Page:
Music’s populist vigilantes continue their mission to explore the potential to be found within off kilter sounds
Hunched over the tiny microphone belonging to vocalist and bassist Satomi Matsuzaki, away from the stool where he has been feverishly attacking his poor kicks, toms and cymbals with a variety of sticks, brushes, and on one occasion his bare hands, Deerhoof’s lovable muppet drummer Greg Saunier is content to wisecrack about various topics such as slippery risers, taking photos of their sweaty hair, nostalgic ancient tour shirts and the importance of lasers between the tightly controlled chaos that resonates tonight through the group’s jarringly inventive set.
Hardcore fans, of which their appear to be many for this, the fifth time the band have visited the city, will know that Deerhoof always deliver a containment breach of ingenuity when performing on stage together. They’ll also know that despite Matsuzaki being the cerebral heart of the band on record, it’s Saunier who functions as the jovial link between band and audience on tour. That’s not to undermine guitarists Ed Rodriguez and John Dieterich, who both excel at the short staccato hard rock swashes and dreamy squalls that make up the band’s sound.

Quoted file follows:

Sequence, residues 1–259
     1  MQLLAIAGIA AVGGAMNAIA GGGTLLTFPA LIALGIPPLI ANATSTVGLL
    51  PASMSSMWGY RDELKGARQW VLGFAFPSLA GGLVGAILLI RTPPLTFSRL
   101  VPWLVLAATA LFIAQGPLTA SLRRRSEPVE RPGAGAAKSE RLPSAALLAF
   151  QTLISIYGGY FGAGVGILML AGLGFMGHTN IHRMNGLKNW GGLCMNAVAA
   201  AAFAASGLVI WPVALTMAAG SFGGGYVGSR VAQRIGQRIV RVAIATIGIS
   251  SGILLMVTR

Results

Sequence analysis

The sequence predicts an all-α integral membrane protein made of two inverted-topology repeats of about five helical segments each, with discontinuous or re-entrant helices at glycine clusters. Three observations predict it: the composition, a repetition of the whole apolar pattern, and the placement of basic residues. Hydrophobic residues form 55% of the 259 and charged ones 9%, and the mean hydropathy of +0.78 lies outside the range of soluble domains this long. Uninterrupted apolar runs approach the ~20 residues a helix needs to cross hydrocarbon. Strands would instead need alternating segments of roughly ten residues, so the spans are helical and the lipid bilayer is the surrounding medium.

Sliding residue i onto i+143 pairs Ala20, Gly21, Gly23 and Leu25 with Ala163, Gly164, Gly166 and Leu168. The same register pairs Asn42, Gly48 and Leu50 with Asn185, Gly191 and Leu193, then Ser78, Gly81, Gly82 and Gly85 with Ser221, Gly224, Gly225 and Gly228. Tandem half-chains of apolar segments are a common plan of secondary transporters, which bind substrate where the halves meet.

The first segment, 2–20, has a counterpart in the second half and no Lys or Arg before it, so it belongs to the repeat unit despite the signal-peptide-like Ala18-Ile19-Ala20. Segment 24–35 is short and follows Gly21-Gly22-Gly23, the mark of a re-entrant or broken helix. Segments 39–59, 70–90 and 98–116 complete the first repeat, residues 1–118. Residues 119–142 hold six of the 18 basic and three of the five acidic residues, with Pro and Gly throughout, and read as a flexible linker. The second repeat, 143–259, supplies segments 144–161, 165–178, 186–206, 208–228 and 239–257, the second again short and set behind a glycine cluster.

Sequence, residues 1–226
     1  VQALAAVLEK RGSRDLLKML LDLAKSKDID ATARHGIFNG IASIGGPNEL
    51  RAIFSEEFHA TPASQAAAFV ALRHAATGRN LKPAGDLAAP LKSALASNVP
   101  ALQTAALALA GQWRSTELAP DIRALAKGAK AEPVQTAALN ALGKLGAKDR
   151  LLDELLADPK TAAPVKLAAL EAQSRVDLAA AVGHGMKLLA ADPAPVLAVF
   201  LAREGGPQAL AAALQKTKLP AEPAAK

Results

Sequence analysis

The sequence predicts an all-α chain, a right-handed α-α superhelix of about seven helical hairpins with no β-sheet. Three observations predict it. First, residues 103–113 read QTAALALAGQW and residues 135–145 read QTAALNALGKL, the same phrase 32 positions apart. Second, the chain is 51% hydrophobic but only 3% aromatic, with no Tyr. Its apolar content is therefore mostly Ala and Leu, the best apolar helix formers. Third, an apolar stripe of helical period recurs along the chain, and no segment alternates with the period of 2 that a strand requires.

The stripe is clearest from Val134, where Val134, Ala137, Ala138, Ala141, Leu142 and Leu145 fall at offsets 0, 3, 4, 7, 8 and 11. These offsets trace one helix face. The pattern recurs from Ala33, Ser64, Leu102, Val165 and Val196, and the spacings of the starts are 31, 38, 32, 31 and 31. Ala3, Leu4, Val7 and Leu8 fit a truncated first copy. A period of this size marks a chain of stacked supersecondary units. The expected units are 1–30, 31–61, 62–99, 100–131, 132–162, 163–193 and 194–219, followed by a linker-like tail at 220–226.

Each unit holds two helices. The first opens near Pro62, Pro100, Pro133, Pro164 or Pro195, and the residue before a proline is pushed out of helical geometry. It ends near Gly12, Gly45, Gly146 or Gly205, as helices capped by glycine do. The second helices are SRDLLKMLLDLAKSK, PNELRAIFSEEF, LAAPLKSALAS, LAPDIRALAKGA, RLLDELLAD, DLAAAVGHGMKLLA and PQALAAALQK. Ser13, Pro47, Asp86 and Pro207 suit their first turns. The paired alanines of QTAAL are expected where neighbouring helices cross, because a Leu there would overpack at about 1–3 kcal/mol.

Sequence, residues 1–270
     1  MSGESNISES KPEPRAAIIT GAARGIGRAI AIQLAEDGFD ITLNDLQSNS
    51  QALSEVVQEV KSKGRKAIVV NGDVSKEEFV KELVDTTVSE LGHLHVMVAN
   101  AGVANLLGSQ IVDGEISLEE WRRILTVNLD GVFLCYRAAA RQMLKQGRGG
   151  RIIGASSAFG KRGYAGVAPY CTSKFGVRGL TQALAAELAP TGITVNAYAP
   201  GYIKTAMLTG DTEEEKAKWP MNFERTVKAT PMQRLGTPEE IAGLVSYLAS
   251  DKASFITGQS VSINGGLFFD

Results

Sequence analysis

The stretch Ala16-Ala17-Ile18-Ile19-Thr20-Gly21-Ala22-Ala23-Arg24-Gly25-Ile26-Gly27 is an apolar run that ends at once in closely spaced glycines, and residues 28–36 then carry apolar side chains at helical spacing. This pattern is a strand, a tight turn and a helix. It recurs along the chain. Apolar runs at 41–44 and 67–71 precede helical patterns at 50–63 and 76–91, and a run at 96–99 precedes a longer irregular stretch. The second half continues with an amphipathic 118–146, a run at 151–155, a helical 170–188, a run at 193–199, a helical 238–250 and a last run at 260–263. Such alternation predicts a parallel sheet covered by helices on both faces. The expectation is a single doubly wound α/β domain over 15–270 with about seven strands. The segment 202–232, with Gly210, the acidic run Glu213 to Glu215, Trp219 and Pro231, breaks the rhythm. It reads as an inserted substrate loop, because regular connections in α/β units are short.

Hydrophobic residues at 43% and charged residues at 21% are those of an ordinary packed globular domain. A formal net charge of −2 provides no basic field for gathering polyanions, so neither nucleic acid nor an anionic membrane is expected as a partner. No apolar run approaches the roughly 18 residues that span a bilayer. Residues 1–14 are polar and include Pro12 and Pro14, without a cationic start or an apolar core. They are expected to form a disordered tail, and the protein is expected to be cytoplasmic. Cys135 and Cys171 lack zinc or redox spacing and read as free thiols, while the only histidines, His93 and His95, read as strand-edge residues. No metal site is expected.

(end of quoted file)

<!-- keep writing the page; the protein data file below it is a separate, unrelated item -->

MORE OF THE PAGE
After 18 (or 19, depending on whether you count live albums, collaborations and soundtrack work) full length albums, the artistically flamboyant and snazzily dressed San Francisco four-piece have a wealth of material to choose from and they attack their catalogue like a buffet, delivering pops of sound from across the spectrum. Of course we get stuff from their most recent release, this year’s Japanese language wonder Miracle Level, but we get deeper cuts like Offend Maggie’s Fresh Born, a rapturous version of Milk Man from the similarly titled 2004 classic and a revelatory This Magnificent Bird Will Rise from 2002’s Reveille.
Making light of the fact that tonight’s venue is the only location so far in the band’s lengthy career that agreed to their tongue in cheek contractual request for stadium-worthy lasers on the tiny club stage, the band begin that familiar bassline to TV’s Knight Rider that forms the basis of Love Lore 3, and strobes of colour dance across the faces of a highly enthused crowd for what is unquestionably one of the highlights of the evening. Somehow the brash yet self-deprecating showmanship befits a band who perpetually prove themselves to be music’s populist vigilantes on a continuing mission to explore the potential to be found within off kilter sounds.